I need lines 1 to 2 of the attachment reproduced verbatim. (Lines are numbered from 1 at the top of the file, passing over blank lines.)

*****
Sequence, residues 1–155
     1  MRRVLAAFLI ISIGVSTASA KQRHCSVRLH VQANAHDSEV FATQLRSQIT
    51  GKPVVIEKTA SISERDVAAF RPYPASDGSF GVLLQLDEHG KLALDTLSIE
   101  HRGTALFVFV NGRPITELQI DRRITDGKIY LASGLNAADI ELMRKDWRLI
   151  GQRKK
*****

Sequence, residues 1–155
     1  MRRVLAAFLI ISIGVSTASA KQRHCSVRLH VQANAHDSEV FATQLRSQIT